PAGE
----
A great Pagan Frenchman and European, Dominique Venner, comitted suicide in Notre Dame in Paris today, to wake up his sleeping countrymen to the dangers Europe is facing in relation to so-called “multi-culturalism” and nihilism.
His suicide letter deserves all our attention;
I also encourage everyone to read the posts on his blog.
Mr. Venner did what he felt was the best for Europe. I hope his self-sacrifice will inspire other Europeans to act too, although I will not encourage anyone to do it in a similar fashion. His name will be remembered and he will return to continue his fight for Europe, in another life. Hail Dominique Venner!
A big thanks to Arcturus for giving me the link to his final letter.
PS. My wife has translated te letter;
« I am healthy in body and mind, and I am filled with love for my wife and children. I love life and expect nothing beyond other than the perpetuation of my race and my mind. However, in the evening of this life, in front of huge dangers for my French and European country, I feel the duty to act as long as I have strength. I think I need to sacrifice myself to break the lethargy that overwhelms us. I offer the rest of my life with the intention of protest and foundation. I chose a highly symbolic place, Notre Dame de Paris that I respect and admire, because it was built by the genius of my ancestors in places of earlier worship, which are recalling our immemorial origins.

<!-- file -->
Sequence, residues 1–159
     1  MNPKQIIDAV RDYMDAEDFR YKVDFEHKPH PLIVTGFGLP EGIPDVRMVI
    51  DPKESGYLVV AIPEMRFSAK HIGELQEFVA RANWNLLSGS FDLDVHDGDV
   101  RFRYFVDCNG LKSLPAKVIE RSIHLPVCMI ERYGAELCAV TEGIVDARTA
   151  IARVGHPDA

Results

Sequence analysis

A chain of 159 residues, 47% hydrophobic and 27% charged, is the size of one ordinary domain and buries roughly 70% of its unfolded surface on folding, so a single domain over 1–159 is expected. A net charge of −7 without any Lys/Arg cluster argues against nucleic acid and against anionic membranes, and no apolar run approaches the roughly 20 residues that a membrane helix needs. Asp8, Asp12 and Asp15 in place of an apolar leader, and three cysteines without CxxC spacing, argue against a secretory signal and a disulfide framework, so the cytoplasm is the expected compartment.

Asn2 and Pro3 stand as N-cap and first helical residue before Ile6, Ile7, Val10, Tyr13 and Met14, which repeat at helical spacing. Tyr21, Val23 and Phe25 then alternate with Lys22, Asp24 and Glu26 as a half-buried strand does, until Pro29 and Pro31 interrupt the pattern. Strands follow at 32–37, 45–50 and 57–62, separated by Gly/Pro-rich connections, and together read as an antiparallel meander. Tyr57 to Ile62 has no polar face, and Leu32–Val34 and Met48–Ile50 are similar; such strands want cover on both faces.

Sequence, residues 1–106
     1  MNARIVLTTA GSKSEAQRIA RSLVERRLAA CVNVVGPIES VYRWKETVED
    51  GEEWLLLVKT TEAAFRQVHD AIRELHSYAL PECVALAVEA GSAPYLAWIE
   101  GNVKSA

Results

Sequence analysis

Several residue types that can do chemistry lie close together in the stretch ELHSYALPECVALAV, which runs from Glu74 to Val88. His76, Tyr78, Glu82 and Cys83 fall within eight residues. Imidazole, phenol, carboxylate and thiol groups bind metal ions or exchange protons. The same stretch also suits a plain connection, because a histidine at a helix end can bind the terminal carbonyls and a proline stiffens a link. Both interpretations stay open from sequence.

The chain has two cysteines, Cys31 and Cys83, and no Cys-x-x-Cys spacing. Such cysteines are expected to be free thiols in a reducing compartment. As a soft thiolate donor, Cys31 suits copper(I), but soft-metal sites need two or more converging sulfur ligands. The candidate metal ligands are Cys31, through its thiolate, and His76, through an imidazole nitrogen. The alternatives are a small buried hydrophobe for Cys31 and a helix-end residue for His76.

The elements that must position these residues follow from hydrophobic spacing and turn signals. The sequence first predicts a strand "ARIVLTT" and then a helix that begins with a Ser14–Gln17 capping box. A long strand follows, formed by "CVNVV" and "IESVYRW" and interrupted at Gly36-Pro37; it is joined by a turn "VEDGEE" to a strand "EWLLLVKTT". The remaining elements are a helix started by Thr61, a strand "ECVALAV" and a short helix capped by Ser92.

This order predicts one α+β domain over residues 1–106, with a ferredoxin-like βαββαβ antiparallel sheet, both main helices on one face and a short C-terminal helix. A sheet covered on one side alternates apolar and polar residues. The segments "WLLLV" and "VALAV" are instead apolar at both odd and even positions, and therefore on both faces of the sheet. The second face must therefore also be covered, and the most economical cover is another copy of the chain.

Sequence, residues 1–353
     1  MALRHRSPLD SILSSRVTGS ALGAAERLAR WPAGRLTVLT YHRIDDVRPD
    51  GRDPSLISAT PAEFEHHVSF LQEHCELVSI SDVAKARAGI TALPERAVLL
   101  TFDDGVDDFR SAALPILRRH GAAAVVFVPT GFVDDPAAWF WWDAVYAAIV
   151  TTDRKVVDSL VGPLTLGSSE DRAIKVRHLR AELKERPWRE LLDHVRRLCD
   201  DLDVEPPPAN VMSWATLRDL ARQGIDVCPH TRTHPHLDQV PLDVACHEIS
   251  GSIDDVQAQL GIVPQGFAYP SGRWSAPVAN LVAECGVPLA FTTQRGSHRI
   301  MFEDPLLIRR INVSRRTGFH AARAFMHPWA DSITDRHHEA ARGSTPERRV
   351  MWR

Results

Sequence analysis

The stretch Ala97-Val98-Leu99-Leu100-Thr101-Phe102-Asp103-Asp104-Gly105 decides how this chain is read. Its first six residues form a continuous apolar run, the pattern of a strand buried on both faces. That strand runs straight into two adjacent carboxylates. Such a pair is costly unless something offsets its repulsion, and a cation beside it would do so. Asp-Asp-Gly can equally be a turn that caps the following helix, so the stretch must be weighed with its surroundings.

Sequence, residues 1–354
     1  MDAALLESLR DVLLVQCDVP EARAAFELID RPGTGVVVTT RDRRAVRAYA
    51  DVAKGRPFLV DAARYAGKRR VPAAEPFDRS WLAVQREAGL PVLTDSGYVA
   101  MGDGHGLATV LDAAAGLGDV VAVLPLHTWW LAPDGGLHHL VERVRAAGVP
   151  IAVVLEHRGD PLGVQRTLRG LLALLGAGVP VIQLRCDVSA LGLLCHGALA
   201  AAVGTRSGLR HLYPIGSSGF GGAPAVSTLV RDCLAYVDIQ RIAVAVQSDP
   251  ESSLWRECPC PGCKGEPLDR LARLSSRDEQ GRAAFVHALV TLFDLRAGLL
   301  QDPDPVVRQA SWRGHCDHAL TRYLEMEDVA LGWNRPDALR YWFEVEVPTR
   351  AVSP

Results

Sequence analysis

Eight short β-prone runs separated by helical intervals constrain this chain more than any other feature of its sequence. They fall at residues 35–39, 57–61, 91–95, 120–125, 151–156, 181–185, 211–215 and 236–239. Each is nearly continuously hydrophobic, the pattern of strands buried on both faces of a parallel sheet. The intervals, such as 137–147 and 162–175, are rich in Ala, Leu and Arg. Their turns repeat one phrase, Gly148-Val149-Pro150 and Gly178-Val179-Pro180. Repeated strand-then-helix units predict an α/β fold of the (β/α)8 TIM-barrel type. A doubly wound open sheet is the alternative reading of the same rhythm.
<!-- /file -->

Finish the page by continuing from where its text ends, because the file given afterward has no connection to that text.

While so many people are slaves of their lives, my gesture embodies an ethical will. I give death to myself in order to awaken the slumbering consciences. I protest against fate. I protest against the poisons the soul and against the individual invasive desires that are destroying our identity and anchors, including family, the intimate foundation of our millenary civilization. While I defend the identity of all peoples in their respective homes, I also protest against the crime of replacing of our people.
Since the dominant voice can not get out of these toxic ambiguities, it is the Europeans who must draw conclusions. We do not have now a religious identity that tie us, but we share from Homer a own memory, repository of all the values on which we can rebuild our future rebirth out from the thought of the unlimited, source of all negative modern excesses.
I apologize in advance to all those who will suffer from my death, and first to my wife, my children and grandchildren, as well as my friends and followers. But once the shock of pain will be faded, I do not doubt that the one and the other will understand the meaning of my gesture and transcend their sorrow to pride. I hope those will work together to last. They will find in my recent writings the foreshadowing and the explanation of my gesture.
* For more information, you can contact my editor, Pierre-Guillaume Roux. He was not informed of my decision, but he known me for a long time. »
Dominique Venner’s ceremony.